Making of a Monster: Waltraud Wagner (Angel of Death)

Pick Me Upmagazine asked for my professional opinion on Waltraud Wagner, also known as the ‘Angel of Death.’ Waltraud was a nurse who, along with three other nurses, killed 15+ patients in Vienna, Austria.  Out in the 29th November 2012 edition, I supplied the following psychological insight.

Not much is known about Waltraud. But it seems she went from ‘mercy killings’ to killing for pleasure easily. Why would someone find pleasure in this?

It is likely that Waltraud gained more from the killings than she had expected – a sense of power, a release of pent up emotions. The killings met her needs in some way, turning her acts from a gesture of help to the suffering into a way to help herself cope in some way.


She was particularly cruel to some patients, forcing open their mouths and pressing down their tongues so she could pour water down their throats until they were dead. Why choose such a cruel and painful death for these people? What does it say about Waltraud?

Such acts go to show that what Waltraud likely gained from these murders was some kind of sadistic pleasure in witnessing other struggle. Taking their lives was not enough – she wanted to see them literally gasping for their lives. This suggests that Waltraud wanted to be seen as so powerful that she controlled whether these people would live or die. It also suggests that she had a lot of internal anger – possibly at someone who had harmed her –and this was her way of gaining a sense of revenge, even if it wasn’t on the person in question.


She admitted to selecting some of the victims because they were ‘annoying’ or difficult in the ward where she worked. Was this a real motive? Why did she feel this way?

It is more likely that these victims stood out in some way – they reminded her of something or someone she didn’t want to be around. Little is known about Waltraud, but perhaps she had cared for someone before, someone who had demanded too much of her.


Waltraud very successfully recruited four others to kill alongside her and to help her. How did she manage this? And what does it reveal about herself and the other nurses who followed her lead?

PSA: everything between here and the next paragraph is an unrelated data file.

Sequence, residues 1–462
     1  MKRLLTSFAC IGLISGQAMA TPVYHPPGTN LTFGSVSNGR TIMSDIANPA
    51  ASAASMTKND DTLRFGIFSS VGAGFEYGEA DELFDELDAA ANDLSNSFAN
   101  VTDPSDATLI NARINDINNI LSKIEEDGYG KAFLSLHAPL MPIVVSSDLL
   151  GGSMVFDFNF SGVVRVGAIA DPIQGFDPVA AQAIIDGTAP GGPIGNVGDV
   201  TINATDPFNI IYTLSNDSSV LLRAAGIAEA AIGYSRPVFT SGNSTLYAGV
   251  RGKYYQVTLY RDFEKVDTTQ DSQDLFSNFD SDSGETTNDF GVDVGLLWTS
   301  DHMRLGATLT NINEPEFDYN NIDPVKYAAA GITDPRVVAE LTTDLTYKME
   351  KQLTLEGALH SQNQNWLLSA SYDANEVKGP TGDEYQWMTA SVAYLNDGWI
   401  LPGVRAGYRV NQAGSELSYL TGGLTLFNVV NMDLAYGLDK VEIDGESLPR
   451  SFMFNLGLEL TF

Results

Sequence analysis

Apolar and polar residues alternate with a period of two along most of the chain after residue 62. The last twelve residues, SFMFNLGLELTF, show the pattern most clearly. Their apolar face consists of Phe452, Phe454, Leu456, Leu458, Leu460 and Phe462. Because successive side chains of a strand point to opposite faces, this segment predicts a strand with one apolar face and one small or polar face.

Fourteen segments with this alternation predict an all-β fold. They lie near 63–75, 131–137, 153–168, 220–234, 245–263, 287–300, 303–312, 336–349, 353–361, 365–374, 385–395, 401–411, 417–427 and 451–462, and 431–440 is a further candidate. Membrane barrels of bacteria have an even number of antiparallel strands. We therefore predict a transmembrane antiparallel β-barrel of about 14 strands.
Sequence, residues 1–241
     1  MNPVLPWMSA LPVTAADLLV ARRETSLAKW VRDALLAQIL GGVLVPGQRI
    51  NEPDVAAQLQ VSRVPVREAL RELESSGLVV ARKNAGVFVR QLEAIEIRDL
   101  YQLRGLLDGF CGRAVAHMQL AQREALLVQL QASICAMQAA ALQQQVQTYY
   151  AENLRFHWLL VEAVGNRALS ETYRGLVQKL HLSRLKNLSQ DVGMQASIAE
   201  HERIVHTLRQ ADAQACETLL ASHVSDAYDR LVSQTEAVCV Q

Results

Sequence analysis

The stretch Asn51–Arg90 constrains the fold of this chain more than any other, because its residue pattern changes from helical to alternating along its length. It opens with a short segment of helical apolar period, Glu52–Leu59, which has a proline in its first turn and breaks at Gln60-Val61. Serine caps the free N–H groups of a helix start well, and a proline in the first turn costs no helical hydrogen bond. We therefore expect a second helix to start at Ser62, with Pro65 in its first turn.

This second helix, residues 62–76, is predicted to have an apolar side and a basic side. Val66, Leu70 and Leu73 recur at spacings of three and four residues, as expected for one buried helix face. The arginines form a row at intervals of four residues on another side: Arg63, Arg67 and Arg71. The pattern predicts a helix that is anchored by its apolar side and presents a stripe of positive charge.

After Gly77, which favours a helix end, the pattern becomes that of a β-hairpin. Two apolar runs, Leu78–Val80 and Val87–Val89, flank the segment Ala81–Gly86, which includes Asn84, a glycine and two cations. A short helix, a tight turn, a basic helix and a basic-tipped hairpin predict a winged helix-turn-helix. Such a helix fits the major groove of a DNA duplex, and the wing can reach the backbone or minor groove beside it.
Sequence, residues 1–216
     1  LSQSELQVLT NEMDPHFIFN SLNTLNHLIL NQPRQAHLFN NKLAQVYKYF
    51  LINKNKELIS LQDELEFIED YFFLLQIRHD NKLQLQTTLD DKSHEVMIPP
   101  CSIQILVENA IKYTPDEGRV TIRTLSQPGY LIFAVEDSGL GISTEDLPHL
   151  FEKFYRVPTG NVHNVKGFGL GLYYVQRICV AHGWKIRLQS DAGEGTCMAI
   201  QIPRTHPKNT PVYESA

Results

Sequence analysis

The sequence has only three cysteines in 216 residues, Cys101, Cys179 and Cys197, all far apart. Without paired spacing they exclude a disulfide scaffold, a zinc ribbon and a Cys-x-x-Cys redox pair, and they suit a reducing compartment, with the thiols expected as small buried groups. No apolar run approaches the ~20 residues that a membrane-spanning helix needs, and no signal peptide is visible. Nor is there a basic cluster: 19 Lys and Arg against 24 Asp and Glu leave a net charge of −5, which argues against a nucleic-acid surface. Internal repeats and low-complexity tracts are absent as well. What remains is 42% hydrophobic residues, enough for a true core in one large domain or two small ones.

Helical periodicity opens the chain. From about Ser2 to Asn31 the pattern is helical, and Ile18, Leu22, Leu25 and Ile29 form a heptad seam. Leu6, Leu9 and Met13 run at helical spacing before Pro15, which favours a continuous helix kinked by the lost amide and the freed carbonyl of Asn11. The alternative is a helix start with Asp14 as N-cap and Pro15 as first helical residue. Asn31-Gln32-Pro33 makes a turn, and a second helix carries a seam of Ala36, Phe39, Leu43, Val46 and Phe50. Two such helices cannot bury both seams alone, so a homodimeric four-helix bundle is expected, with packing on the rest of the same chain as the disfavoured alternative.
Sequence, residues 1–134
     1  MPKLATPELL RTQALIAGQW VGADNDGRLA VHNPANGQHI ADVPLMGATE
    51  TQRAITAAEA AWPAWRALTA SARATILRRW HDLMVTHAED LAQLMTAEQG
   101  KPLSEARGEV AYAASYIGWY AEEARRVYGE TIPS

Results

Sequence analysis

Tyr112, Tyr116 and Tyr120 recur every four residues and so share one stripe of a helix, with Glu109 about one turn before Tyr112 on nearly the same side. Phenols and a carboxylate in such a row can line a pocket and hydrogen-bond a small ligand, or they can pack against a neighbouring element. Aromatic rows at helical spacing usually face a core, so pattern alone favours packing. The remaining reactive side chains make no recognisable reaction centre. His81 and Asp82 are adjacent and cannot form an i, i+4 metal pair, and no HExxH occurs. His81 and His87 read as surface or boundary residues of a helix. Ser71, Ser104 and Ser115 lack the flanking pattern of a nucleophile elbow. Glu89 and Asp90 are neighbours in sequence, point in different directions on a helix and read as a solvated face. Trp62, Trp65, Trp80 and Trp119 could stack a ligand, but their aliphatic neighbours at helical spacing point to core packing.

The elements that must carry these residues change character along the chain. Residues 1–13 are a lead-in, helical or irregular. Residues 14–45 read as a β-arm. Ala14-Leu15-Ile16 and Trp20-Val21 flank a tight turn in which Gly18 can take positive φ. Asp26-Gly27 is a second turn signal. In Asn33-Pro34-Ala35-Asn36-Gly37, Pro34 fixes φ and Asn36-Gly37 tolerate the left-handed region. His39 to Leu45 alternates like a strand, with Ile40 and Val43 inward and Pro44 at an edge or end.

Waltraud was a leader – charismatic, manipulative, charming – all the traits required to recruit other ‘angels of death.’ With words of persuasion she would have convinced these women that what they were doing was the right thing to do. It is also possible that these women were fearful of Waltraud and it was this fear that made them follow her lead.


Her right-hand woman was a nurse called Irene Leidolf. As a teenager, Irene had nursed her dying father and in the later stages of his illness, had to do everything for him. She suffered from many nightmares about open graces, apparently. How did Irene’s background make her vulnerable to Waltraud? And how did it lead her to the point where she was helping to kill elderly patients?

Irene had experience of witnessing the suffering of a loved one and thus it would have been easier for Waltraud to convince her that what she was doing was merciful. In addition, Irene would have experienced some difficult and stressful times looking after her father and may even have some resentment about this. Like Waltraud, these killings became a way to gain back control.


Waltraud is reported to have said of her patients that they were ‘hers’. What did she mean by this and what does it say about her?

Waltraud was possessive – she owned the patients and she likely believed she owned the nurses who followed her. Again, this was about control and power, not just murder.  Waltraud had to feel superior and it is likely that in her past she felt anything but this.


After being arrested, Waltraud wouldn’t speak. She wouldn’t give any information or say anything at all. Since beginning her prison sentence she is reported to be in a catatonic state and refuses to communicate with anyone. What does this say about her? 

Waltraud is unable to face up to what she has done or, indeed, to take responsibility for what she has done. More specifically, she cannot cope with her loss of power and control over those around her. In prison, she is again inferior and being controlled by others. To cope with this, she has shut down mentally.

Categories: Psychology

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